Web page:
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Globally, access to services and support for people with ASD is inadequate.
Globally, access to services and support for people with ASD is inadequate.

Tackling Autism Early

300 rehabilitation and training workshops in Iran are providing services to ensure successful transition of autistic children from childhood to adulthood

Tackling Autism Early

The ninth annual World Autism Awareness Day was observed in Iran along with the rest of the world on April 2, when landmarks in the capital cities were decorated with blue lighting in support of the developmental disability worldwide under the global initiative called ‘Autism Speaks: Light It Up Blue’.
Every year, autism organizations around the world celebrate the day with unique fundraising and awareness-raising events. In Iran, the two iconic markers, the Nature Bridge and Milad Tower, were lit up in blue to show solidarity with the world, as people converged on the two sites to raise awareness and hand out brochures.
Autism spectrum disorders are a series of neurodevelopmental disorders characterized by impaired social interaction, verbal and non-verbal communication, and restricted and repetitive behavior. ASDs are often diagnosed when it is too late for intervention and  imposes a great burden on society.
Nearly 300 rehabilitation and training workshops in Iran are providing services to ensure successful transition of autistic children from childhood to adulthood. The training programs are aimed at helping the children get employment as well as use their leisure time properly.
Temporary care centers for autistic children were launched in Khorasan Razavi and Gilan provinces late last year (ended March 20) and are planned to be extended to other cities.  
The centers take care of autistic children temporarily when their families are not able to do so or need a break, according to Hussein Nahvinejad, the deputy  for rehabilitation affairs at the State Welfare Organization.
The national document on autism spectrum disorder (ASD) which was jointly developed by the ministries of health, education and cooperatives, labor and social welfare, is expected to be implemented this year.
“A national document that lays down the strategy for comprehensive growth and development of children has been devised by the Health Ministry,” to prevent genetic disorders in newborns, Nahvinejad was quoted as saying by IRNA.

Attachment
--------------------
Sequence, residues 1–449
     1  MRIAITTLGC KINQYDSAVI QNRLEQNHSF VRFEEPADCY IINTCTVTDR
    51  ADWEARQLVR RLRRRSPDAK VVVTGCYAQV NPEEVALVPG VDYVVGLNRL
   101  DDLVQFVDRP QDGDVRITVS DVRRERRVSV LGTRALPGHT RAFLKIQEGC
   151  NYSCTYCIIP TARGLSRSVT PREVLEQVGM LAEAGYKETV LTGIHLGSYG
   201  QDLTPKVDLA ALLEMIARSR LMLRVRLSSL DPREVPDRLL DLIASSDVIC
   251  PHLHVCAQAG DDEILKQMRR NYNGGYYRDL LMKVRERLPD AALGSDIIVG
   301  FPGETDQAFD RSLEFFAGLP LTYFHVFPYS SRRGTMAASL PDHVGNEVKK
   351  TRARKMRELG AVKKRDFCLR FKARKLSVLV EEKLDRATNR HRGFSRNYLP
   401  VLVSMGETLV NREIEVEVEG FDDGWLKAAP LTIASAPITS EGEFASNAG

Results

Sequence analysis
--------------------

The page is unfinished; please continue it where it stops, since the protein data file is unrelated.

From Awareness to Acceptance
It is estimated that one in 160 children worldwide has ASD. People with ASD are often subject to stigma and discrimination, and globally, access to services and support for people with ASD is inadequate. Although most developed countries are now shifting their activities from raising awareness to encouraging acceptance and tolerance towards people with ASD, Iran still needs to focus on educating the society.
Despite the prevalence of the illness in the country, there has never been a specific evaluation program for early detection, and a tiny section of the population is familiar with the spectrum.
However, the SWO has recently launched an online screening program through standardized questionnaires. By answering a set of simple questions, parents will know if their children have symptoms of autism. They can take their children to SWO centers for diagnosis. Around 700 children have been referred to the centers since last December when the online scheme was launched and 20 cases were diagnosed as having ASD.
An autism educational protocol and game packages have also been prepared which will be offered to families free of charge.
Additionally, over 20,000 children have so far been examined under a nationwide autism screening project by the SWO. There are 3,000 children with ASD registered at the welfare organization.

  Training Facilitators, Caregivers    
According to Nahvinejad, the children with autism at the SWO are currently undergoing training in 60 centers. Every three children are under the supervision of one tutor.
In addition, facilitators and caregivers are being trained to assist families with autistic children. Facilitators have to undergo several hours of training.
They are trained to provide home assistance as well. The scheme will be carried out nationwide after the pilot project in Tehran.
The official urged executive organizations to direct their attention to autistic people, stressing that the Science Ministry should envisage programs so that young autistic adults can enter higher education and Iran’s Technical and Vocational Training Organization should plan for their employment.
“These children must be able to earn their own livelihoods when they are adults as their parents will eventually grow old and be unable to take their responsibility.”
In cooperation with the Law Enforcement Forces, specific wristbands are set to be designed for the mentally challenged who are likely to go missing such as the elderly and those with Alzheimer’s and other mental illnesses, as well as those with autism. The wristbands will help the police identify them and return them home.

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